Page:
Bill Christison, Counterpunch, March 4, 2002

Bill Christison joined the CIA in 1950, and served on the analysis side of the Agency for 28 years. From the early 1970s he served as National Intelligence Officer (principal adviser to the Director of Central Intelligence on certain areas) for, at various times, Southeast Asia, South Asia and Africa. Before he retired in 1979 he was Director of the CIA's Office of Regional and Political Analysis, a 250-person unit.. These remarks, which he has made available to CounterPunch, have been recently delivered to various peace groups in New Mexico.
[The complete article]

Secret finger-pointing over Danny Pearl's death
G. Pascal Zachary, AlterNet, March 4, 2002

For weeks during the ordeal of Pearl's captivity -- and the uncertainty about whether he was dead or alive -- Wall Street Journal senior editors privately debated amongst themselves whether they somehow had put Pearl in harm's way. And not in any general, existential sense, but whether the paper's controversial decision to hand over an al Qaeda laptop computer to the Department of Defense and the CIA late last year had blown back on them.
[The complete article]

War on the third world
An insidious result of September 11 is that the US treats many non-whites as terrorists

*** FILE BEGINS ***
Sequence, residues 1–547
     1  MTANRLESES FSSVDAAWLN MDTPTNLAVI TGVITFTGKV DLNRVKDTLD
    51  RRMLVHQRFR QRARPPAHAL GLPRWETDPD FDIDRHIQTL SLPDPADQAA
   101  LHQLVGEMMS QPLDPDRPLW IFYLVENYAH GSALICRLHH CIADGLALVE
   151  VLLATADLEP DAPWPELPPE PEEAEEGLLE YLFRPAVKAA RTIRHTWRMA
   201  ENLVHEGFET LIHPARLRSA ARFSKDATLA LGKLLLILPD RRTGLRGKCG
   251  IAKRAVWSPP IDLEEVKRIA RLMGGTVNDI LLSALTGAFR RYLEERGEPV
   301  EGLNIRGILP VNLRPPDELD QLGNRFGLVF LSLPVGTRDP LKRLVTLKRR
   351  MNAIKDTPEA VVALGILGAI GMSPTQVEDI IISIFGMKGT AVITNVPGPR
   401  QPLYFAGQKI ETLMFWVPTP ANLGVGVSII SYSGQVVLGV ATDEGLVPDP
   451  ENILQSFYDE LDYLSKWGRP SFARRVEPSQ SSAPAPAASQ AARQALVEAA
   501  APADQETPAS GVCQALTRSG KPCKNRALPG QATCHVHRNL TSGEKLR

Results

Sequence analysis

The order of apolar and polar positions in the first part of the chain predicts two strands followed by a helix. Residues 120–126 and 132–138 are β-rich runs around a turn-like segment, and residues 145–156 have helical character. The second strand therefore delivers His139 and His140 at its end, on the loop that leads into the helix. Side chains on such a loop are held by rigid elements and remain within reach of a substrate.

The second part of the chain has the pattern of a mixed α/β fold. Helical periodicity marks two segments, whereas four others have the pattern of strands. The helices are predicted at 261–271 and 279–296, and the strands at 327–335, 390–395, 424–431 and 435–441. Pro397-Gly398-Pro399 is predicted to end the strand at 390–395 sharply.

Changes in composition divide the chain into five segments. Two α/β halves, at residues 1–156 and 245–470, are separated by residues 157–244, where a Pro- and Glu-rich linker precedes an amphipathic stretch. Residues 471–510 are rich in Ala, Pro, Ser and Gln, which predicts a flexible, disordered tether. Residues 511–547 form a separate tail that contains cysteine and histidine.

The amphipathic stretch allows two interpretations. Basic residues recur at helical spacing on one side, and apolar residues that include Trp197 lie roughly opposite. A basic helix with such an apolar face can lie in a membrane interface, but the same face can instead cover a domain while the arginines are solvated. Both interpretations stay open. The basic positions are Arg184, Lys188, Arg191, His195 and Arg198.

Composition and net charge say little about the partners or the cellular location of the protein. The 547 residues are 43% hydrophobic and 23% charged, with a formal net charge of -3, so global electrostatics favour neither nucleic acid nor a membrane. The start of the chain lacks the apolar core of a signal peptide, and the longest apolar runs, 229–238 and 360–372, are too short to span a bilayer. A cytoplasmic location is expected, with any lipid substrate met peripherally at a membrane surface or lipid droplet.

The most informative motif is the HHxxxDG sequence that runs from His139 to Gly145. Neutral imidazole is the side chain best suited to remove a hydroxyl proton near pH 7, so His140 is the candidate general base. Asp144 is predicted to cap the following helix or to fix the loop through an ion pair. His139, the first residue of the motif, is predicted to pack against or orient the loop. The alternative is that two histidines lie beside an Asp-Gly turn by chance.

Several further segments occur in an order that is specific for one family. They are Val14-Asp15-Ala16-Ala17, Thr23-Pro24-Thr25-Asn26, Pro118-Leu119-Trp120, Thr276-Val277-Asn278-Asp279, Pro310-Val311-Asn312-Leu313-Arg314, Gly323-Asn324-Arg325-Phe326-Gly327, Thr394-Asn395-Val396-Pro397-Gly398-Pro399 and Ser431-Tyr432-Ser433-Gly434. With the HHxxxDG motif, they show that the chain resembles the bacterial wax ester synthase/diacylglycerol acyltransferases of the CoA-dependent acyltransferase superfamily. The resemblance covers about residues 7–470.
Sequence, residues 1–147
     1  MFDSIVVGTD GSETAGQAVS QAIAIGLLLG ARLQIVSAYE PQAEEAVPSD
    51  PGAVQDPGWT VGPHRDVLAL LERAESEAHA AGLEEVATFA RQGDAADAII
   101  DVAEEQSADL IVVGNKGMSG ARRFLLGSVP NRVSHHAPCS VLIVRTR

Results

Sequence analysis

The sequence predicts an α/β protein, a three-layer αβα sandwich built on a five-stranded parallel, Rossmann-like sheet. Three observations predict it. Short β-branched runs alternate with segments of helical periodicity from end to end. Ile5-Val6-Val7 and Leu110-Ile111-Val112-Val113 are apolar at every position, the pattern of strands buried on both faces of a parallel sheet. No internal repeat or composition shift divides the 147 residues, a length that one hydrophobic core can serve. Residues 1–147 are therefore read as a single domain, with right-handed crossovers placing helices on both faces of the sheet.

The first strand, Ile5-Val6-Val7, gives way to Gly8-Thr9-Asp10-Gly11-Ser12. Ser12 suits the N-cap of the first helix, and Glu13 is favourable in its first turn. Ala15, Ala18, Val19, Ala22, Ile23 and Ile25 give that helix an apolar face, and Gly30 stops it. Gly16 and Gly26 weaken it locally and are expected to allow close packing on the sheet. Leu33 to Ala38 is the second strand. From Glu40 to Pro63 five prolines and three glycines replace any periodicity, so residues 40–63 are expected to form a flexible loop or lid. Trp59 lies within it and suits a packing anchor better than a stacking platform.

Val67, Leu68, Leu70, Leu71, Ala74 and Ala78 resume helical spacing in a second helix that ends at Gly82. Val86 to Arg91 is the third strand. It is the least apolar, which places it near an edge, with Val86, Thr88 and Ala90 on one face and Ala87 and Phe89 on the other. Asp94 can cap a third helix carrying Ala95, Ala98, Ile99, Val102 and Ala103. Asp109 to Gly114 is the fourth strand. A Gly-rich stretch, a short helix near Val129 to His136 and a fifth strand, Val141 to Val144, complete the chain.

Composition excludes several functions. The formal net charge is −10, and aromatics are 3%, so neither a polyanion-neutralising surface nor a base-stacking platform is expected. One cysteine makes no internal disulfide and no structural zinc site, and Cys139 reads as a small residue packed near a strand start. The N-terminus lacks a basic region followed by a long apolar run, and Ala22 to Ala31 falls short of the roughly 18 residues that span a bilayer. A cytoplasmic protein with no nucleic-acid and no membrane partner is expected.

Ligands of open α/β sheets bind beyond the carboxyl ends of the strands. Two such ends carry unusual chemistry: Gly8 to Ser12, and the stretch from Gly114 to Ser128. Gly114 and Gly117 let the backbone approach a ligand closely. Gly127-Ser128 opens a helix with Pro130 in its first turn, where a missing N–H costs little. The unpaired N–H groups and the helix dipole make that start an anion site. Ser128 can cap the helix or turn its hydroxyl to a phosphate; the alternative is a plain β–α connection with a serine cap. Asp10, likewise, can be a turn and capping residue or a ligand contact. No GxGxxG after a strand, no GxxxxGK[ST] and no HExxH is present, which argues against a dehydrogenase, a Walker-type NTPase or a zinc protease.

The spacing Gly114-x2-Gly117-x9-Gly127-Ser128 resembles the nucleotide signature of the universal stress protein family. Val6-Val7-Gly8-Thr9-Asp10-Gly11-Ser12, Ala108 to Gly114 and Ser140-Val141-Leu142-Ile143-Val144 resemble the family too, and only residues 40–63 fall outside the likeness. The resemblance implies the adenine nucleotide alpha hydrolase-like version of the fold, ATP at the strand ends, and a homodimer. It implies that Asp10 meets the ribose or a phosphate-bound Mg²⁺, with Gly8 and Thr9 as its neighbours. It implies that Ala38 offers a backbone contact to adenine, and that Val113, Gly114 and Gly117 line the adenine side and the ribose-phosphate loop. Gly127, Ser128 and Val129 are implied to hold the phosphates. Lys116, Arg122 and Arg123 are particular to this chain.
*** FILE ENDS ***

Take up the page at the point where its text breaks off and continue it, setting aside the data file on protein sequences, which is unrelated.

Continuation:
George Monbiot, The Guardian, March 5, 2002

Those of us who opposed the bombing of Afghanistan warned that the war between nations would not stop there. Now, as Tony Blair prepares the British people for an attack on Iraq, the conflict seems to be proliferating faster than most of us predicted. But there is another danger, which we have tended to neglect: that of escalating hostilities within the nations waging this war. The racial profiling which has become the unacknowledged focus of America's new security policy is in danger of provoking the very clash of cultures its authors appear to perceive.
[The complete article]

Rogue states? America ought to know
The hyperpower sets its own rules

Phyllis Bennis, Tom Paine.com, March 1, 2002

It's hard for most Americans to think of the United States as a rogue state. We're a democracy, after all. Our elections are free and fair (well, some of the time). But our foreign policy is far less accountable to democratic ideals, or to the global community than we like to think. The problem isn't isolationism -- we're engaged (at least our military forces and our U.S. manufactured weapons are) all over the world. The problem is unilateralism -- our tendency to act out our unchallenged 'super-power of super-powers' role without concern for what others in the world think.
[The complete article]

Report on Colombia from the North American Congress on Latin America
Adam Isacson, February 2002